“The Sound of Grass” is based on a story by novelist Yasushi Sato, who took his own life in 1990. It is often a difficult watch, its themes of depression and suicide amplified by a relentlessly oppressive atmosphere. The film opens with a long sequence of Akira skateboarding through the largely deserted streets of Hakodate, the port city where the film takes place, an impressive sequence that typifies the film’s superlative cinematography and direction by Hisashi Saito. With wide shots of the city, parks and port, we get a sense of place and reality that also work in harmony with the story, with the conflicting sense of life surrounding Kazuo being both immediate and remote. The audience is taken along with Kazuo as he runs around the city, crossing the large bridge, climbing the park steps, or circling the carpark. These sequences, soundtracked by an uplifting piano score, stand in stark contrast to the moments when he is at home or in conversation with others, that seem to lack energy. That may seem like a criticism, but it perfectly replicates the hopelessness and sense of stasis that typifies mental health issues such as anxiety and depression, as well as the fluctuation between highs and lows. His illness doesn’t express itself in wild outbursts but in a complete lack of energy or interest in things around him. Higashide gives an incredible performance as Kazuo, and his scenes with Nao’s Junko are heartbreaking to watch as these two characters, who clearly love one another are unable to traverse the vast unseen divide between them. The story of Akira, Hiroto and Minami, is almost a separate, yet parallel story, linked only by themes of isolation and suicide. Mental health can be difficult to depcit on film, without straying into cliche or exploitative exageration, but “The Sound of Grass” presents a realistic view of this issue that can go unseen and have devastating consequences.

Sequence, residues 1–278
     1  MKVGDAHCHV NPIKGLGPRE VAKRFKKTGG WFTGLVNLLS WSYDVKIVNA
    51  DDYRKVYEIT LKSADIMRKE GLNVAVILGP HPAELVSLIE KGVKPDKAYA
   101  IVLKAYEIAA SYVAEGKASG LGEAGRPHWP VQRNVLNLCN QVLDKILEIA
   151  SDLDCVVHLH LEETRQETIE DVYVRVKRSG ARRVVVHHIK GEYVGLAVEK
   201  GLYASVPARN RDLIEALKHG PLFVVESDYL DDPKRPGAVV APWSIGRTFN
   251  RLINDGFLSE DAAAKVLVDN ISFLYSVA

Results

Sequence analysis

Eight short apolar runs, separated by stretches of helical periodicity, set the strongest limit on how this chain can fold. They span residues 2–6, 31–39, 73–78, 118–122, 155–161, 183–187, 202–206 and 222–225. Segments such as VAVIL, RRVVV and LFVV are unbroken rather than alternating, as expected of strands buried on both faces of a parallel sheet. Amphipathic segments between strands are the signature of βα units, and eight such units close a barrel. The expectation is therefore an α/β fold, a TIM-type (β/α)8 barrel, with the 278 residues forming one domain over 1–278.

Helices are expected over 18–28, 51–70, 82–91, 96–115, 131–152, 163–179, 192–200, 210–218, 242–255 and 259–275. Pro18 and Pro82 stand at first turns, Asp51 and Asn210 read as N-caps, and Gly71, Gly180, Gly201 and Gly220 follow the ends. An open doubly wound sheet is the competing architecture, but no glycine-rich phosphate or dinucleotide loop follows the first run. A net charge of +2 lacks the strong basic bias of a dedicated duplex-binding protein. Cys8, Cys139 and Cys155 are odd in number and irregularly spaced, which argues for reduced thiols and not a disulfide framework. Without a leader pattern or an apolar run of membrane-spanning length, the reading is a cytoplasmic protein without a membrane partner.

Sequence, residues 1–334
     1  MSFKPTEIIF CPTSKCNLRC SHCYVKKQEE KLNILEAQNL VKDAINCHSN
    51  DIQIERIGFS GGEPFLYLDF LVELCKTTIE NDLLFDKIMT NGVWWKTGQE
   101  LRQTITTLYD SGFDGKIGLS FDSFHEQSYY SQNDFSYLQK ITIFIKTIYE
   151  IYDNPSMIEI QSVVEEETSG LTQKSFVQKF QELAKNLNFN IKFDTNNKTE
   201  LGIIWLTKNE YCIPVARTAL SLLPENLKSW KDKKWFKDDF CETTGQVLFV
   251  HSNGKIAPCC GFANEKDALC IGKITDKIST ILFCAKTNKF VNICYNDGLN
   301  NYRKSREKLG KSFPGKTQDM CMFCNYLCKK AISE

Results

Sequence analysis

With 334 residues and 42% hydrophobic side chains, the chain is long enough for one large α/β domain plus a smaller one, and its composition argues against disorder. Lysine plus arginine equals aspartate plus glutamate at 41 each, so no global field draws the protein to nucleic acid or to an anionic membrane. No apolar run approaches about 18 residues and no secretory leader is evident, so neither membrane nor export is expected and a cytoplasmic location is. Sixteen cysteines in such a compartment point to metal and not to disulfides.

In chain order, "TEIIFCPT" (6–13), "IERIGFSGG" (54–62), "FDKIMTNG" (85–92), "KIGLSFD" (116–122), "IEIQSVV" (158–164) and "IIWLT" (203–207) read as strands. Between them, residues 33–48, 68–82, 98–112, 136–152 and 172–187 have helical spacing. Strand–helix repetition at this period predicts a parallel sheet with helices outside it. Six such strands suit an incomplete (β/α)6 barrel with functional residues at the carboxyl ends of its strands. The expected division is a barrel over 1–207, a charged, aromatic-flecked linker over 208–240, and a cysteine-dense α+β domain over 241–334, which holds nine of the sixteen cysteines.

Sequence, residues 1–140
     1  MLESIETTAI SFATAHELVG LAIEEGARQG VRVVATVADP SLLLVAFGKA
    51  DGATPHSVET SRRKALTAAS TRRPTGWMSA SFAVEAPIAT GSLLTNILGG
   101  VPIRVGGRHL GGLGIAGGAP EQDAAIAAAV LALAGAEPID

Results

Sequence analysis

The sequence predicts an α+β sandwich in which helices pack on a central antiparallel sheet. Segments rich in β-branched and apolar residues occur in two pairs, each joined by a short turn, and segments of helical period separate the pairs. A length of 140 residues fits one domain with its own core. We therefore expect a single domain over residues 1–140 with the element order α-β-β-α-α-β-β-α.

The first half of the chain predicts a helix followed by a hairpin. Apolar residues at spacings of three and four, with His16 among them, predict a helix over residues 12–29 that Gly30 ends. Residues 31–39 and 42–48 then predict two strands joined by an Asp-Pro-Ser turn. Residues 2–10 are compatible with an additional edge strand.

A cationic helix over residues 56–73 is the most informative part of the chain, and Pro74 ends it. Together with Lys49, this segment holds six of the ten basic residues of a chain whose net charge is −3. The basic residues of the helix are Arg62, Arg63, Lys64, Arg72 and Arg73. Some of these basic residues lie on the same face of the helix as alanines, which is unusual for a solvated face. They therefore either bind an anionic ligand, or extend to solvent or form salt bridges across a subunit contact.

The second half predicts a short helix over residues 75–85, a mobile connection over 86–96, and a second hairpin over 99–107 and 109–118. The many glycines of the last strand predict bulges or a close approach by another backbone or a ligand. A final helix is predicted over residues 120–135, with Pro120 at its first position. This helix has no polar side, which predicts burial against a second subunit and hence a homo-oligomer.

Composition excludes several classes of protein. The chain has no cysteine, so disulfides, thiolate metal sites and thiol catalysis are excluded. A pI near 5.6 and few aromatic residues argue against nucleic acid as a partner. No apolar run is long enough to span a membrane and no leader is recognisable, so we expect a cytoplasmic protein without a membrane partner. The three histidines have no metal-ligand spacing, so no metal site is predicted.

In a more conventional film, you might imagine that Kazuo’s running would be the miracle cure to his illness; or that Akira finding friends would lead to an uplifting ending to comfort the audience. “The Sound of Grass” avoids such easy solutions, showing that mental health issues are not something that can easily be resolved by taking up excercise or talking to people, although both of these can be helpful in combatting the worse effects of depression. In its lack of simple answers, or comforting conclusions, the film offers a powerful, emotional, and discomforting depiction of depression. The naturalistic performances from the whole cast help to build this sense of real people with real concerns. What makes the film powerful is not that it is extreme, or shocking, but that it is painfully believable. Not an easy watch, but a worthwhile exploration of this important subject.